Grammar of letterals and numerals in {li}

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Gleki Arxokuna

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Jun 2, 2015, 5:34:12 AM6/2/15
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Namely, that mixed lerfu/number strings should be banned.

xorxe's vision quoted at the end of this message.

2015-05-31 20:51 GMT+03:00 Jorge Llambías <jjlla...@gmail.com>:


On Sun, May 31, 2015 at 2:09 PM, Spheniscine (la zipcpi) <sphen...@gmail.com> wrote:
I've not heard of that proposal. Wouldn't that just break all uses of {xy pa} when talking about the definitions of words? 

Those are "xy xi pa".

The contexts where we don't want digits and lerfu to mix (e.g. ".abu za'u re'u cusku", "by re mei", "lo re bolci zo'u pa by xunre .i je pa by blanu", "xy xi pa dunda xy xi re xy xi ci" etc. are much much more common than the need for mixed strings, and having to use "boi" for those is a pain.

So they are to be currently:
abu boi za'u re'u cusku 
i by boi re mei 
i lo re bolci zo'u pa boi by xunre 
.i je pa boi by blanu 
i xy xi pa dunda xy xi re boi xy xi ci 

I can agree that it can be a pain so this proposal may sound reasonable.

Besides, {me'o} still works, paralleling the use of strings for entry of ISO dates in programming languages. I just prefer {li} because
  • It's shorter
  • Dates and periods technically *are* numbers in a certain sense; arithmetic can be performed on them, despite the fact that in some ways they don't act like real-numbers, due to the varying length of months and years.
"me'o" and "li" are in the same selma'o, so the issue is the same for both.

I can't agree with changing anything within {li}, however. {li} is for mekso which is a special subset of Lojban with its own grammar.

{by} as a anaphorical marker and {by} within {li} are two different entities.
Terminating {li} with {boi} or {lo'o} isn't that hard IMO.

But how would "(n+1.3)^(3.15*r^2)" be expressed under this new xorxe's proposal then?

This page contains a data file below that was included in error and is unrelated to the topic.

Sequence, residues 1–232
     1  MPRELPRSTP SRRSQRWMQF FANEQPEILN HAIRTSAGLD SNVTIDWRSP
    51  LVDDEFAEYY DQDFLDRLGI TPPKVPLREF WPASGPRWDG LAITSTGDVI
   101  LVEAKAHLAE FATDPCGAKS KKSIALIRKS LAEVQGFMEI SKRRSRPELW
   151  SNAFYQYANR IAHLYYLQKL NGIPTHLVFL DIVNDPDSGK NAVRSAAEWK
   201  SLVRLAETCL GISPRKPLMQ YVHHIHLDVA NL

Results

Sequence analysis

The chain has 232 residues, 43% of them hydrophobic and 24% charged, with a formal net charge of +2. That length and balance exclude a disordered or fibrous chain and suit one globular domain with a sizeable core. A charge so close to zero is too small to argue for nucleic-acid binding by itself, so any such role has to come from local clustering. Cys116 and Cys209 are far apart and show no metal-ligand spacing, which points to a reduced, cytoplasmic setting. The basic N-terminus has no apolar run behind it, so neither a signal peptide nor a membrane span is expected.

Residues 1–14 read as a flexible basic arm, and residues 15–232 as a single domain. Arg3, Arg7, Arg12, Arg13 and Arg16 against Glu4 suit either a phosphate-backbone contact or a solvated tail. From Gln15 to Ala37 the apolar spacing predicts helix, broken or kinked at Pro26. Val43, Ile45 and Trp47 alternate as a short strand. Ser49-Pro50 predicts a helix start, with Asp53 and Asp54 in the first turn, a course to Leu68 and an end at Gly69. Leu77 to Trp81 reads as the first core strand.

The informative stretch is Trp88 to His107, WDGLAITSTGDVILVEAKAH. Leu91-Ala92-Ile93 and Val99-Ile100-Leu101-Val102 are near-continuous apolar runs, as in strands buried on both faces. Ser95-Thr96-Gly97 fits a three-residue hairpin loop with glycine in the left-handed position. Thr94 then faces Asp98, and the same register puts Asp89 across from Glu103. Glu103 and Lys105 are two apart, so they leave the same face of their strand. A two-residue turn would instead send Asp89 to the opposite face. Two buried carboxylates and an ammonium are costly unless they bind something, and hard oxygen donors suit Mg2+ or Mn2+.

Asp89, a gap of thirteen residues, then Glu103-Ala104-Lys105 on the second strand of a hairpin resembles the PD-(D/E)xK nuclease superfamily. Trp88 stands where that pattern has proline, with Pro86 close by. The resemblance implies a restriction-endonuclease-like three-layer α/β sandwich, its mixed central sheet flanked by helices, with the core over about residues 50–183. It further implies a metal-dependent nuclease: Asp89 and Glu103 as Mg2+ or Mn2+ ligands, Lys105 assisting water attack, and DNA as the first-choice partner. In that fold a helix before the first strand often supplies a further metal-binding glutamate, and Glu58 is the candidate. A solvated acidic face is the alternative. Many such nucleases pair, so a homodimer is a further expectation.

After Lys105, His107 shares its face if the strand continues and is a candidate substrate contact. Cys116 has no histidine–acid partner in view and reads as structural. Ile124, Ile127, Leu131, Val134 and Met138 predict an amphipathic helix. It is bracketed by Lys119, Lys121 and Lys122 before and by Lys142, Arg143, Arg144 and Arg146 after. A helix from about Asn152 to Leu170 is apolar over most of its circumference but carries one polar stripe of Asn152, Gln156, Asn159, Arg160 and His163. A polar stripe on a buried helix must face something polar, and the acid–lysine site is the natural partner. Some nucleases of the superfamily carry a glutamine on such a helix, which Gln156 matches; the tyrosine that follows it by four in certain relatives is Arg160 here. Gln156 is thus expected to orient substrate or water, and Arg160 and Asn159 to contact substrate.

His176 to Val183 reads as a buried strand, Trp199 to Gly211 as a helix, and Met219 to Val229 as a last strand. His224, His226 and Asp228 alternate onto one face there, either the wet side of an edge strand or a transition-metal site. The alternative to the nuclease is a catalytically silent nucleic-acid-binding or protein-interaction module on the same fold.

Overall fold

Alex Burka

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Jun 2, 2015, 10:47:12 AM6/2/15
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Agreed, the biggest question for me (beyond whether this is a good idea at all, zo'o zo'o nai) is what changes would be made to the grammar of LI? Would it be able to take a pure-lerfu string, a pure-digit string, but not a mixture? Or would we leave LI alone but create two new gadri selma'o that take pure-lerfu and pure-digit, respectively?

mu'o mi'e durkavore
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Jorge Llambías

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Jun 2, 2015, 4:19:01 PM6/2/15
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On Tue, Jun 2, 2015 at 6:33 AM, Gleki Arxokuna <gleki.is...@gmail.com> wrote:

But how would "(n+1.3)^(3.15*r^2)" be expressed under this new xorxe's proposal then?

The proposal is not at all new, it is quite ancient.

That expression does not involve any mixed digit/lerfu string, therefore the proposal does not affect it. It involves two one-lerfu strings: "n" and "r", and 3 PA-only strings "1.3", "3.15" and "2". No mixed strings.

mu'o mi'e xorxes

Jorge Llambías

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Jun 2, 2015, 4:23:44 PM6/2/15
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On Tue, Jun 2, 2015 at 11:47 AM, Alex Burka <dur...@gmail.com> wrote:
Agreed, the biggest question for me (beyond whether this is a good idea at all, zo'o zo'o nai) is what changes would be made to the grammar of LI?

None. It only affects "number" and "lerfu-string" directly. li-clause remains the same:
li-clause <- LI-clause free* mex LOhO-clause? free* 
Would it be able to take a pure-lerfu string, a pure-digit string, but not a mixture?

Among other things, yes. It still takes any mex.
 
Or would we leave LI alone but create two new gadri selma'o that take pure-lerfu and pure-digit, respectively?

We leave LI alone and we don't create anything new.

Alex Burka

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Jun 2, 2015, 4:38:25 PM6/2/15
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Ah, I didn't realize that "mex" was separate from "number+lerfu string". So I guess this is entirely orthogonal to la zipcpi's detri1 proposal, even though that thread got hijacked, .u'i.

Jorge Llambías

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Jun 2, 2015, 4:43:56 PM6/2/15
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On Tue, Jun 2, 2015 at 5:38 PM, Alex Burka <dur...@gmail.com> wrote:
Ah, I didn't realize that "mex" was separate from "number+lerfu string". So I guess this is entirely orthogonal to la zipcpi's detri1 proposal, even though that thread got hijacked, .u'i.

The proposal to separate of digits and lerfu in strings is not orthogonal to the detri proposal, because the the detri proposal uses numbers that contain lerfu. But both proposals are (relatively) orthogonal to MEX, which is what "li" takes as an argument. 

Alex Burka

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Jun 2, 2015, 4:47:49 PM6/2/15
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I remain confused. {li pa} contains a number or mex, or both? {li R2D2}? {li pa su'i pa}? {li pa su'i abu}? And which ones would be killed?